3. This was the first time we used the Hauntedweb of Horrors sets to shoot our own movie. Hauntedweb is a local haunted attraction that benefits Youth Villages, a non-profit organization that helps troubled kids and their families. We've shot 2 commercials there for the haunt itself, but this was the first time it was for our own stuff. Patrick and all the people associated with the haunt are just so giving and awesome to work with. "MATERNITY WARD" wouldn't have turned out as well as it did without the added production value of their spectacular sets. The level of artistry is amazing! I know I've said this before, but there is something special about the horror community that no other film community has. I wouldn't trade it for anything! 

Val doing what she does best - playing with blood!
4. Craig 100% scored "MATERNITY WARD" on his own. The new Logic program on Mac is a godsend. He started playing guitar only a few years ago and is completely self-taught. Since he isn't interested in playing in a band, his ultimate goal was to score our movies so we could step up our game and get away from using the loops that come with Final Cut or even free music from the web. After only a few short months with this new program he's scoring our movies! That makes me even more proud of this production. It is 100% ours.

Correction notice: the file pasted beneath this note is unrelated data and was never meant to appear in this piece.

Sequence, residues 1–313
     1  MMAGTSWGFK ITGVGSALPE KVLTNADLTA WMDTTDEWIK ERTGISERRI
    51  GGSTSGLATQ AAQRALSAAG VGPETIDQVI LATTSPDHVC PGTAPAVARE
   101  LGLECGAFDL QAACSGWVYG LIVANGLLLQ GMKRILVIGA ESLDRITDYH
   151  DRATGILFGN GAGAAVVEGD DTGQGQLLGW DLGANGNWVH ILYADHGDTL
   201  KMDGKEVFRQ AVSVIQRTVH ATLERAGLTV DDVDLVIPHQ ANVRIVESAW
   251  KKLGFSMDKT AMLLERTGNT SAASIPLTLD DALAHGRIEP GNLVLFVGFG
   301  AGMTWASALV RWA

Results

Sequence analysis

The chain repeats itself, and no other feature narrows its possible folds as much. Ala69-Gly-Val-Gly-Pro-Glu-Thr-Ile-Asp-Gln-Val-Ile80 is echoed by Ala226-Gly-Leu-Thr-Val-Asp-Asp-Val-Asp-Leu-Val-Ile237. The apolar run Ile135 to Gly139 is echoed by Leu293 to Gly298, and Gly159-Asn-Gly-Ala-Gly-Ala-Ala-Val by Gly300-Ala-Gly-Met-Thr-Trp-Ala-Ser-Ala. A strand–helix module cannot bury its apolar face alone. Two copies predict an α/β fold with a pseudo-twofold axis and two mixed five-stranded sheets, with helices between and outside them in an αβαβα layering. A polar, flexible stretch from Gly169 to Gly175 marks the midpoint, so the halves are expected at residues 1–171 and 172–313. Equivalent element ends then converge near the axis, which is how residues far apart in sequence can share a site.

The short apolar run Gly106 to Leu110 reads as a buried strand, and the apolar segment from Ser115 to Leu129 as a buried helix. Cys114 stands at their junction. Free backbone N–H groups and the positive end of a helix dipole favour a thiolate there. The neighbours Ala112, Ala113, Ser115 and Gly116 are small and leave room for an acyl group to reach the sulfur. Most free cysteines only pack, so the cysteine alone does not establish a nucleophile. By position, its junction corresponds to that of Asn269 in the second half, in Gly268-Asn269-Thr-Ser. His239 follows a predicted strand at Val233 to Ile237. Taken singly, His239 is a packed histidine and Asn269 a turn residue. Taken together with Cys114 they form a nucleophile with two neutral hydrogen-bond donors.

5. "M IS FOR MATERNITY WARD" was also my first truly gory, disturbing horror film. Blood aside, this movie is disturbing. There are moments and actions that will make the viewer a little uncomfortable and that's awesome. I get a wicked grin from ear to ear every time I watch it. I wrote and directed it and have viewed it several times and there is one part that still gets me every time. Suzy did an amazing job at really getting into the head of her character. And I couldn't be more proud. 

Val framing a shot